Single-use Plastics Prohibition Regulations
Key findings from the strategic environmental assessment (SEA) conducted for the Single-use Plastics Prohibition Regulations, as published in Canada Gazette II.
Plastics litter our beaches, parks, streets, shorelines and other places Canadians value. Their harmful impacts on nature and wildlife must be addressed. Eliminating sources of plastic pollution is part of the Government of Canada’s comprehensive agenda to achieve zero plastic waste by 2030. On June 10, 2019, the Prime Minister announced the Government’s intention to ban harmful single-use plastics, where warranted and supported by science. This commitment was re-iterated in the December 2019 Mandate Letter of the Minister of Environment and Climate Change, the September 2020 Speech from the Throne, and the Government’s strengthened climate plan, A Healthy Environment and a Healthy Economy, released in December 2020. The Single-use Plastics Prohibition Regulations (the “Regulations") were enacted under section 93 of the Canadian Environmental Protection Act, 1999 on June 20, 2022. The Regulations prohibit or restrict six categories of single-use plastics: checkout bags, cutlery, foodservice ware made from problematic plastics, ring carriers, stir sticks and straws. The regulations include some exemptions for flexible single use plastic straws so that they can be available for people who require them for health or accessibility reasons.
Statistics Canada data shows that in 2018 only 8% of plastic waste was recycled, while 43,000 tonnes of plastic waste was estimated to have entered the environment as pollution. In addition, 87% of plastic ends up in landfills, representing a lost economic value of billions of dollars. In 2020, the Government of Canada published a Science Assessment of Plastic Pollution (the “Science Assessment”), which found that macroplastic pollution (i.e., plastic pollution greater than 5mm) poses a threat to wildlife through entanglement, ingestion or habitat disruption. The Science Assessment found that action was needed to reduce macroplastics and microplastics that end up in the environment, in accordance with the precautionary principle. The Science Assessment also found that single-use plastics make up the bulk of macroplastics found on shorelines in Canada, and are one of the most common types of macroplastics found on shorelines internationally. The Regulations seek to eliminate or reduce major sources of plastic pollution that pose a threat to wildlife. It is estimated that the Regulations will avoid approximately 22,000 tonnes of plastic pollution over ten years, representing 5% of all plastic pollution generated in Canada.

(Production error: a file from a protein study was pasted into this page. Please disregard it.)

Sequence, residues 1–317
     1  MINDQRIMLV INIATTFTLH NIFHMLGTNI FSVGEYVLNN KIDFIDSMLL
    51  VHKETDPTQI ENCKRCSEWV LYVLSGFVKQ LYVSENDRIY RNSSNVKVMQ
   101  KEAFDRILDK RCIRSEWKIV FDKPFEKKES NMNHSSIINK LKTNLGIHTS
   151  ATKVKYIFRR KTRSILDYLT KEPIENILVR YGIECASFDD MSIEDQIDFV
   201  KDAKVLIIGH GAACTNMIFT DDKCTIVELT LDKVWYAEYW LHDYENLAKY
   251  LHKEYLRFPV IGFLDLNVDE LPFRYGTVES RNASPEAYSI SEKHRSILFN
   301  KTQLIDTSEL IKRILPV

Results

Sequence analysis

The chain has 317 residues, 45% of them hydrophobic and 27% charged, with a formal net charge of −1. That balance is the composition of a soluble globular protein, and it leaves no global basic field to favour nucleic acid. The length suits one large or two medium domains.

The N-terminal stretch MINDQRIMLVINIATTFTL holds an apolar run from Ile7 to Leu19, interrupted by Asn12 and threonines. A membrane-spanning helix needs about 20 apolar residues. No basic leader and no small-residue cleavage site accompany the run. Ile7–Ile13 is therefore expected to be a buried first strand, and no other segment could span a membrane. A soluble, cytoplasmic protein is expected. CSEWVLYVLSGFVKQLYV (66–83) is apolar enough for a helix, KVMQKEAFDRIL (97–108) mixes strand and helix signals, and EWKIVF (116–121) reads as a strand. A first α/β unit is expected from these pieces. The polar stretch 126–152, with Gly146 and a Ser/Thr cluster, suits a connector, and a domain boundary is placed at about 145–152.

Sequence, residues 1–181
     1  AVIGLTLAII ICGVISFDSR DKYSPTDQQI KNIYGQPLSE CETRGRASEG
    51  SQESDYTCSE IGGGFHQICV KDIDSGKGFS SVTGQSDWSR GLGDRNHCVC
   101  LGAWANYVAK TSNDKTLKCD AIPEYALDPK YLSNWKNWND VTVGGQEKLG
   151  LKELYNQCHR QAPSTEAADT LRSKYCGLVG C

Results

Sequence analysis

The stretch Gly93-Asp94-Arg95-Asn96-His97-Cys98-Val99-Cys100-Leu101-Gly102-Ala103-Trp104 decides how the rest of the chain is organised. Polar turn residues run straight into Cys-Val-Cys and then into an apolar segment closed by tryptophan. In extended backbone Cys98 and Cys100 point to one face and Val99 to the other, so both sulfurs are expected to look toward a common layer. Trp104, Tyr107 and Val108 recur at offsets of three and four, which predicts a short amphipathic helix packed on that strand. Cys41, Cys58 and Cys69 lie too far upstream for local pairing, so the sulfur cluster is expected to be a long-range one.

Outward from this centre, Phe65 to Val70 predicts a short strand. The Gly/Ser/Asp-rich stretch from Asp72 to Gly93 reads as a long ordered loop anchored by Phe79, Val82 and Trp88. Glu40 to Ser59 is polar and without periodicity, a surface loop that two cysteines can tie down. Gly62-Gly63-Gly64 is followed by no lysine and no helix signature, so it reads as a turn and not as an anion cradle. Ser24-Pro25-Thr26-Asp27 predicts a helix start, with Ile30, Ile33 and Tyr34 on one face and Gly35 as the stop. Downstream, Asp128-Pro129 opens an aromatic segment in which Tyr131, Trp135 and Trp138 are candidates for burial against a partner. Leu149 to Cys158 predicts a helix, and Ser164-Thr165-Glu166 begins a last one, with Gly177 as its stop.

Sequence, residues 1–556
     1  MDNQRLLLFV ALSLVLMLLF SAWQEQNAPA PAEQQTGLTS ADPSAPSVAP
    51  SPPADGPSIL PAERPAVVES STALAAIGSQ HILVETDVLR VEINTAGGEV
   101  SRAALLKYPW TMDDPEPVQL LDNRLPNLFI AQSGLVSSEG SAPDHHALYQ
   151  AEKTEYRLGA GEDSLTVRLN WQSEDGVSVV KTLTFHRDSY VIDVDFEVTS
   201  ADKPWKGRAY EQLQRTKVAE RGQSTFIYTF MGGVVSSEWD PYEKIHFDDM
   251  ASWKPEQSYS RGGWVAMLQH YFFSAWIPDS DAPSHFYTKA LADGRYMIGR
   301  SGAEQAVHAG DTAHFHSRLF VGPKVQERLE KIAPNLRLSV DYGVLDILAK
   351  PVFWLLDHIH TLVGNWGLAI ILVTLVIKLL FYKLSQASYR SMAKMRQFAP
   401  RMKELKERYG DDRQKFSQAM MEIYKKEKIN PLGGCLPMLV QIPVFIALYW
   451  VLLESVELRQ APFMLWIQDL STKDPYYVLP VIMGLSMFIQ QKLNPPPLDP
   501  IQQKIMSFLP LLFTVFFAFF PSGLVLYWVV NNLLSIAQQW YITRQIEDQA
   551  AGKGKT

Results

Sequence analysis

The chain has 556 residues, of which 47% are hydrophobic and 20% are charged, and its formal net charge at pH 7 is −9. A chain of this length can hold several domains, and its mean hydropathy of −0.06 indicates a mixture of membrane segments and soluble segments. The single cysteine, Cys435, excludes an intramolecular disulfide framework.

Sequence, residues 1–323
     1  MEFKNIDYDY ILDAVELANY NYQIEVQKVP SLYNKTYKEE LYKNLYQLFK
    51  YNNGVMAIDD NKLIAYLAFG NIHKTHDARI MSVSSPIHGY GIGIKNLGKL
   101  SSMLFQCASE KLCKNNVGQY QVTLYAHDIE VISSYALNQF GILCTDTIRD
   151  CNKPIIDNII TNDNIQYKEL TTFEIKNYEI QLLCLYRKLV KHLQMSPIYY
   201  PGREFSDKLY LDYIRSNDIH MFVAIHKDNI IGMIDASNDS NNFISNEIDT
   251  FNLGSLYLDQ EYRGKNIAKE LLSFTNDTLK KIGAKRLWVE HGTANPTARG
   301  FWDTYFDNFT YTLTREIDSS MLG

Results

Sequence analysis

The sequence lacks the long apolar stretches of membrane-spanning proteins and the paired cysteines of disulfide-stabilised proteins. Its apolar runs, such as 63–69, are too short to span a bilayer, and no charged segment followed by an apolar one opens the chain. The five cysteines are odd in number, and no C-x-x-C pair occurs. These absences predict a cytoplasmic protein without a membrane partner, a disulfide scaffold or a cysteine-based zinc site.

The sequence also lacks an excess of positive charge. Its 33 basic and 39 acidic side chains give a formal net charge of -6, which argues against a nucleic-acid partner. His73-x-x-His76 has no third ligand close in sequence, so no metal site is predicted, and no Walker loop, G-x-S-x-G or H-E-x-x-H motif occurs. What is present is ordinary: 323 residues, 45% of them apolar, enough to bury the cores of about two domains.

By eliminating or restricting certain categories of single-use plastics from the Canadian market, the Regulations will induce businesses to switch to alternative products or service delivery models, such as recyclable paper or reusable bags to replace single-use plastic checkout bags. These alternatives come with their own environmental effects, some of which are higher than the single-use plastics being targeted by the Regulations, but most of which are lower. Environment and Climate Change Canada reviewed available lifecycle assessments comparing single-use plastics with alternatives, as well as other sources of evidence such as litter data, peer-reviewed studies, and the Science Assessment, in order to assess the potential environmental effects of the Regulations at each stage in the product lifecycle. It was estimated that:
- Depending on the alternatives used to replace prohibited single-use plastics, the Regulations may cause some negative upstream effects, including those related to climate change, air quality, and water quality, given the different inputs and outputs related to resource extraction, manufacturing, and transport to market of alternatives. However, these effects are difficult to quantify given the inconsistencies in methodologies and parameters used in lifecycle assessments.